Heady Topper is one that I've been attempting to try. Being that The Alchemist are such a small time craft brewery in Vermont makes that really hard haha. It kind of reminds me of the way Alpine Brewing Co. does things here in San Diego. Their Bad Boy is one of the best DIPA I've ever tasted (it is definitely up there with Pliny) and they do not ship it, do not brew it on a regular basis, and do not bottle it. Basically you can only get it from their brewery in a growler or a pint from the tap.

      September 16, 2012 at 10:00 pm |
  29. Dukester72

    Bell's Two Hearted Ale for me

    September 15, 2012 at 6:45 am |
    • Phia

      I will second that motion, absolutely!

      September 15, 2012 at 11:57 am |
    • dirtydozen

      Agreed – lighter than most IPA's, but a perfectly balanced flavor. Near perfection. Bell's is the best brewery in the U.S.

      September 15, 2012 at 12:41 pm |
    • worstbeerblogever

      I agree! Bell's Two Hearted or Ballast Point Sculpin are two of my favorite IPAs

      September 15, 2012 at 6:15 pm |
    • CBC

      THE standby for my hop fix, and one of the beers that converted me to craft! I'm grateful to live in MI, for the fact that fresh Two Heart is on tap everywhere.

      September 18, 2012 at 1:53 am |
  30. 22XY

    Sorry, Fall = Oktoberfest

    September 15, 2012 at 6:39 am |
  31. jeff bojangles

    Classical Columbian cocaine used to be the main staple for those going out for a night on the town...but now many varieties have sprung up!

    Many people dont like cocaine often because of the taste you get during the drip, well I have news for you! There are a multitude of different varieties available now and days.....so if you keep sniffing your are bound to find one you like!

    Get a stuffy nose in the fall...?...You can always smoke and inject it too! Great for those with colds or allergies!
    My personal favorite lately has been the Peruvian flake cocaine. It has a shiny appearence with an almost purple tint....the powder tends to clump together, but once it succesfully goes down your nose you are in for a real treat!

    I encourage everyone to try these new varieties, and if you are a newcomer or switching over from beer you are in for a suprise. Cocaine is only mentally addicting, not physically addictive like alcohol. Also it has been shown to increase intelligence.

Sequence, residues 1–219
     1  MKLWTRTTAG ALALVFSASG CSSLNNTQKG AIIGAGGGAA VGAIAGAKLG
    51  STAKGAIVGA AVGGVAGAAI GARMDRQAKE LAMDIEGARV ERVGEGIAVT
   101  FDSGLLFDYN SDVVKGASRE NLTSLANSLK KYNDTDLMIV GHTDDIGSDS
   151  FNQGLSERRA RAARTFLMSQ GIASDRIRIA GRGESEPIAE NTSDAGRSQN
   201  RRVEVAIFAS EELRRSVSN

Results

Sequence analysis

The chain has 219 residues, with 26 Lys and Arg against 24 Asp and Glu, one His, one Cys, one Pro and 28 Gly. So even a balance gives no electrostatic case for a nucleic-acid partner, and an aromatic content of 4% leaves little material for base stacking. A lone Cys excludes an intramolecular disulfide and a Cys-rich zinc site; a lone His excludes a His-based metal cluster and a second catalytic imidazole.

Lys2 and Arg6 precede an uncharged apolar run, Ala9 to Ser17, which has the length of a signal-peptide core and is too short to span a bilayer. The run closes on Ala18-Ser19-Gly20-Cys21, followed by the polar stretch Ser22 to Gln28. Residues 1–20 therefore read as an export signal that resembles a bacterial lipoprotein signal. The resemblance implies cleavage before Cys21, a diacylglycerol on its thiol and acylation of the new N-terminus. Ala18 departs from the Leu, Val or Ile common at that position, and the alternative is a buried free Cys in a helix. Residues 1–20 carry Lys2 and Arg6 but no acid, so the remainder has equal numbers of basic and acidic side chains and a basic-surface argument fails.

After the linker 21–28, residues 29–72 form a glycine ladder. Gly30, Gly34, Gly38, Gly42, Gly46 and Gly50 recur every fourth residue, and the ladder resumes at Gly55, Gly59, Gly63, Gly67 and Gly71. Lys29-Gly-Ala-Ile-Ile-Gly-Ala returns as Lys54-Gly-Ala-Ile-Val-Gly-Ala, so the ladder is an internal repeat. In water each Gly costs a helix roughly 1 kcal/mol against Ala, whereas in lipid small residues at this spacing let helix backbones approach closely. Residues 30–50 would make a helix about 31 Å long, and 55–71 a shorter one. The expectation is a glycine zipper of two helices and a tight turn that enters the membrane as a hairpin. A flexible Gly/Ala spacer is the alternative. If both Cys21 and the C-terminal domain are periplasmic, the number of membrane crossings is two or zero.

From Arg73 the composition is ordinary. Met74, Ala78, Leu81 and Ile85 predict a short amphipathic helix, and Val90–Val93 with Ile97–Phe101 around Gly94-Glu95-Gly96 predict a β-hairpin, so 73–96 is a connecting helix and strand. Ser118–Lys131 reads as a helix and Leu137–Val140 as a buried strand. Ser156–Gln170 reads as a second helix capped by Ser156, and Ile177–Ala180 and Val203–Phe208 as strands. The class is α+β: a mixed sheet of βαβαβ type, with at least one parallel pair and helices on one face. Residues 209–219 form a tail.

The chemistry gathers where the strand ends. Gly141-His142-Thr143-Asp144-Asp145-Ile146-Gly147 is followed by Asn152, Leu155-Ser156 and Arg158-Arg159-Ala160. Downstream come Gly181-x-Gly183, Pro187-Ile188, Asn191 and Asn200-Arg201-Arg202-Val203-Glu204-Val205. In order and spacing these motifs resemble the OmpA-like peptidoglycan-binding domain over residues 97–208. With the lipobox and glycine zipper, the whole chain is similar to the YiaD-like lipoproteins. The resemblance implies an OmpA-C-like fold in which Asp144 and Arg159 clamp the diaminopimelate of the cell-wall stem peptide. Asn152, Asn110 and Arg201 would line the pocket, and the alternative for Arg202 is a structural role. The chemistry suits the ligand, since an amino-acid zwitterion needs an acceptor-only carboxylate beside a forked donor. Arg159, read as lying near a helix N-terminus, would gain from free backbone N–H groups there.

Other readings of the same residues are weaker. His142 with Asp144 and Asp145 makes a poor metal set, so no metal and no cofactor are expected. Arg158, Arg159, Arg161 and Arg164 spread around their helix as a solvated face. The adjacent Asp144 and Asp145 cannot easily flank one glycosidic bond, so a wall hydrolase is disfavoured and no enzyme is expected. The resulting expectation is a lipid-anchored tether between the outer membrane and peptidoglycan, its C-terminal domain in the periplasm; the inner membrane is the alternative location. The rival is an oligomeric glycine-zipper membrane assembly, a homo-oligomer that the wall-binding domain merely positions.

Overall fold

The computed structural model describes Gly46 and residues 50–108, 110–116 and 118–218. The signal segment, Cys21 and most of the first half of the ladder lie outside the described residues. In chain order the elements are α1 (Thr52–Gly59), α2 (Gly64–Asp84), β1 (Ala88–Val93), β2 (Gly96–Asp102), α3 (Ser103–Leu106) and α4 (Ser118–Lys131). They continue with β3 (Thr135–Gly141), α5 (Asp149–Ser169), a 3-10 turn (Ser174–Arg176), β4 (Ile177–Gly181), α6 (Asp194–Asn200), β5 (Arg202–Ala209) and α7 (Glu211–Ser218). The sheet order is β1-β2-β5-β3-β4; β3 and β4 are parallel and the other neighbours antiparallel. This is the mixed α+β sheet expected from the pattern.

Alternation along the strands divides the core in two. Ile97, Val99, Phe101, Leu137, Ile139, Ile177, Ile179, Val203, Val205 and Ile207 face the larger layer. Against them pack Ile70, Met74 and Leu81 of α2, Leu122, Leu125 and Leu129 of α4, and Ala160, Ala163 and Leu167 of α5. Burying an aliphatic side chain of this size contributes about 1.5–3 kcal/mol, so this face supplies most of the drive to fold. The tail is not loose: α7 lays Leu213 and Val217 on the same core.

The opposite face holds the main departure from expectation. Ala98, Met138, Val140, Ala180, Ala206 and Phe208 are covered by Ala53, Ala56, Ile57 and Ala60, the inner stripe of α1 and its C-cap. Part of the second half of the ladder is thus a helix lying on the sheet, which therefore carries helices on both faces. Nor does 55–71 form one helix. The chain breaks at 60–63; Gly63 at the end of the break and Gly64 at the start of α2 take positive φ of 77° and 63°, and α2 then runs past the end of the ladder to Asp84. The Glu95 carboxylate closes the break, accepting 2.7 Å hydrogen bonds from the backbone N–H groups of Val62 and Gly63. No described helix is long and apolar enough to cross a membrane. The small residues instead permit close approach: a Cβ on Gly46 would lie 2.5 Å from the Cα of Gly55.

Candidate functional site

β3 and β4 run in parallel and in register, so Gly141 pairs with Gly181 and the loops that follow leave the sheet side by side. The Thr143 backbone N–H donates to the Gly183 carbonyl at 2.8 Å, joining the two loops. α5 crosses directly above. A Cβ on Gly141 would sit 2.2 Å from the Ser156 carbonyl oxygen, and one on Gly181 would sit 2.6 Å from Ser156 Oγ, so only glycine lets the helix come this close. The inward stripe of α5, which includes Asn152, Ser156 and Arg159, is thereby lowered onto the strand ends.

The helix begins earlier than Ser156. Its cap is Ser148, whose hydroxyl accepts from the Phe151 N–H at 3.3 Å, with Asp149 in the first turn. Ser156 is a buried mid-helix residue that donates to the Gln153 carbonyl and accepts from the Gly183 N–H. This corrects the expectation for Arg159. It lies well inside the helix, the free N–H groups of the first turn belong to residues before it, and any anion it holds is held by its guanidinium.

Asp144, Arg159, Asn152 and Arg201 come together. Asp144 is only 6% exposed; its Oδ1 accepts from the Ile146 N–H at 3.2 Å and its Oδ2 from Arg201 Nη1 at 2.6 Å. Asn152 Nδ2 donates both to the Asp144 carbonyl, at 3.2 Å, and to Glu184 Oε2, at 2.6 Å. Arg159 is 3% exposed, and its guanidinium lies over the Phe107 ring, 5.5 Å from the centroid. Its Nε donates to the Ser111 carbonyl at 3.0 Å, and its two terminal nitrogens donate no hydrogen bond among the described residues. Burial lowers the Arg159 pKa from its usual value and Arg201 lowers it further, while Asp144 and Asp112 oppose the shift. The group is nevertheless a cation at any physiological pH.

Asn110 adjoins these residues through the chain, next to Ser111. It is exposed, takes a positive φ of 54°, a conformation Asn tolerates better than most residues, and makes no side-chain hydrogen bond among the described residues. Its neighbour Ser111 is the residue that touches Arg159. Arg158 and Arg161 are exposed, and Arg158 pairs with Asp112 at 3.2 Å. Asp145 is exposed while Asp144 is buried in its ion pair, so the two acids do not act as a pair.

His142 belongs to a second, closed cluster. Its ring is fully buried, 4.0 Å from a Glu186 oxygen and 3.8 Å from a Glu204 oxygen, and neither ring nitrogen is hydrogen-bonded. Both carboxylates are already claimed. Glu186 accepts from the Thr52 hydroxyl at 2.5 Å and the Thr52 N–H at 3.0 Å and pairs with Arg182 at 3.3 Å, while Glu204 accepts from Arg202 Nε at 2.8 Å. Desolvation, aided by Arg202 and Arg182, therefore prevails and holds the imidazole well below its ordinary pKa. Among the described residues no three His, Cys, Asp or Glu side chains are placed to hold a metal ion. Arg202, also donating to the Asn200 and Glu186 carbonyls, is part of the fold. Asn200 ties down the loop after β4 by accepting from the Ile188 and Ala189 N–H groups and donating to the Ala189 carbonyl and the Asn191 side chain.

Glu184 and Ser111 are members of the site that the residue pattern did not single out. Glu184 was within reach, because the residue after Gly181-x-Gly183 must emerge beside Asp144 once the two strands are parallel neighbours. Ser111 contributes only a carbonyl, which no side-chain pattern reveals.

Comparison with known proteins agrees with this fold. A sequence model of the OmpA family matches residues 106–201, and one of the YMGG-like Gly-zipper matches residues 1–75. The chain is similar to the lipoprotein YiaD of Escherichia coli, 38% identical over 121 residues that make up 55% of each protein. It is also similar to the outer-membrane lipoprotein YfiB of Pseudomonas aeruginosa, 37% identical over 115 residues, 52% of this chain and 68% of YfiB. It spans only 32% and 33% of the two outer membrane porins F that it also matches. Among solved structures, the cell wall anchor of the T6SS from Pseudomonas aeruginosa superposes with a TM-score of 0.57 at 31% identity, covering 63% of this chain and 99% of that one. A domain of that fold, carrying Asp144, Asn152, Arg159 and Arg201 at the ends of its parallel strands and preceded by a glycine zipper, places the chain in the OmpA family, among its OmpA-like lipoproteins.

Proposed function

Make sure for the winter season you get a hold of the "Pablo powder" or "Mexican snowflake" variety so you too can indeed have the "White Christmas"!

    September 15, 2012 at 6:12 am |
    • ipaman

      Can you at least try and spell the country correctly if you are going to be an jerk? It's Colombia.

      September 17, 2012 at 2:40 pm |
    • Odell???

      jeff bojangles: I hope for the sake of anyone around you that you are just a kid waiting to grow up.

      September 18, 2012 at 1:28 pm |
  32. Graphite Jones

    Sierra Nevada Pale Ale is my standard, daily beer.

    Also currently enjoying Abita Jockamo IPA.

    September 15, 2012 at 5:12 am |
  33. TampaMel

    OMG an article that didn't mention the election. It is going to take me about an hour to get over this. Thanks Nathan

    September 15, 2012 at 3:56 am |
  34. TravisL12

    First CNN article I can absolutely 100% agree with. IPA is the only beer.

    September 15, 2012 at 3:48 am |
  35. Octavio

    Gotta love a nice ! IPA or Stout!

    screw bud light and all that poop

    September 15, 2012 at 3:16 am |
  36. Bob Boise

    So what does IPA stand for?

    September 15, 2012 at 3:07 am |
    • Octavio

      Indian Pale Ale

      September 15, 2012 at 3:15 am |
      • theultimatefool

        Sorry to nitpick, but i

        September 15, 2012 at 10:53 am |
      • theultimatefool

        Excuse the earlier post, I accidentally hit post! What I was trying to say was that IPA actually stands for "India" Pale Ale, as it was the East India Trading Company that originated the style. Now if only I could figure out how to use a computer...

        September 15, 2012 at 10:58 am |
  37. tim

    Just got back from Bend, OR a few weeks ago and had the most amazing brown ale. 10 Barrel Brewery's Oregon Brown. I normally dislike browns but this was amazing. They loaded up the hops which is not the norm yet it still had the earthy taste of a brown. I'm still thinking about it.

    September 15, 2012 at 2:57 am |
    • honeybooboo

      you should try Stone's collaboration "TBA"–it's also a hoppy, brown ale. the type of thing I wish every Stone IPA (ie, every Stone beer) would taste like :D

      September 15, 2012 at 3:36 am |